Light Therapy Improves Sleep, Cuts Depression in Dementia Patients

by | October 11, 2018


Pauline Anderson
July 27, 2018


CHICAGO — A lighting intervention that closely mimics natural light improves sleep efficiency and reduces depression and agitation in nursing home residents who have dementia. These effects appear to increase over time, new research shows.

“This is a simple intervention that can be implemented in every nursing home,” and it’s not expensive, author Mariana Figueiro, PhD, director and professor, Lighting Research Center and Rensselaer Polytechnic Institute, Troy, New York, told Medscape Medical News.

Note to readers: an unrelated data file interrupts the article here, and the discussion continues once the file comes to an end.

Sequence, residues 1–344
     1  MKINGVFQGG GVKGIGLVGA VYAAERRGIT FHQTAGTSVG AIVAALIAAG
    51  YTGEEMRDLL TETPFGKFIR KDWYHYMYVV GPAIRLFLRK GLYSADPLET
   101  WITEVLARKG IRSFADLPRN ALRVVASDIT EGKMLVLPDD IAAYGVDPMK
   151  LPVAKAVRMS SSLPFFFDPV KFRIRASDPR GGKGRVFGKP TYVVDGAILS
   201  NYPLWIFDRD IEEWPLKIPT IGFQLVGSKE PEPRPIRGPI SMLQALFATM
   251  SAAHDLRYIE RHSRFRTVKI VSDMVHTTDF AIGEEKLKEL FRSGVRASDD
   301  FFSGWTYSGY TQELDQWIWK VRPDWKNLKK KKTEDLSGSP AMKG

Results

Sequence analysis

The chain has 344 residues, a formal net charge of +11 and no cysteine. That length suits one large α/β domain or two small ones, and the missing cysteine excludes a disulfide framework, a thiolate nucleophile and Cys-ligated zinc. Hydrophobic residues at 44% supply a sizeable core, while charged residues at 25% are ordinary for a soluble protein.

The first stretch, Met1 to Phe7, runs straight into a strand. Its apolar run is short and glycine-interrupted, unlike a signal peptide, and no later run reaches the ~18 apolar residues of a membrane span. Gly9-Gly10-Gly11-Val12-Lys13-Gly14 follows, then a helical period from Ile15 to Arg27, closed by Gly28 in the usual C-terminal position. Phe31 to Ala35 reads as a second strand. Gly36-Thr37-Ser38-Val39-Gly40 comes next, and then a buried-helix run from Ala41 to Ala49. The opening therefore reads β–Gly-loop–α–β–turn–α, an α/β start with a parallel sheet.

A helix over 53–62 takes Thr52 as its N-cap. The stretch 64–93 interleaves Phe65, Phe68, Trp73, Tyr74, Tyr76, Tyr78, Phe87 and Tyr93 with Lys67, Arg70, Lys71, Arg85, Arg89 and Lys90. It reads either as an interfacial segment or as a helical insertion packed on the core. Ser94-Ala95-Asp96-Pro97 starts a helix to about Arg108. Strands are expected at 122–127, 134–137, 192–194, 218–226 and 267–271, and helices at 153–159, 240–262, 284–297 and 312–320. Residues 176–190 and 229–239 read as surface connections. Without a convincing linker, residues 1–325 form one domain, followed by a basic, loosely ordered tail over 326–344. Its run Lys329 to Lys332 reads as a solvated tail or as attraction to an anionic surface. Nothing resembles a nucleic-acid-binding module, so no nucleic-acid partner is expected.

The findings were presented here at the Alzheimer’s Association International Conference (AAIC) 2018.

Sleep Disruptor

Light helps control circadian rhythms, said Figueiro. “Every day, when you get light in the morning, you reset your biological clock.”

Exposure to daytime light helps consolidate sleep and improve behavior in patients with Alzheimer’s disease (AD) and related dementia. However, lighting fixtures in institutions don’t deliver the relatively high level and the spectrum of lighting that best affect the circadian system.

Some people may not get enough light during the day but get too much at night, “which is the wrong time to be getting light,” said Figueiro.


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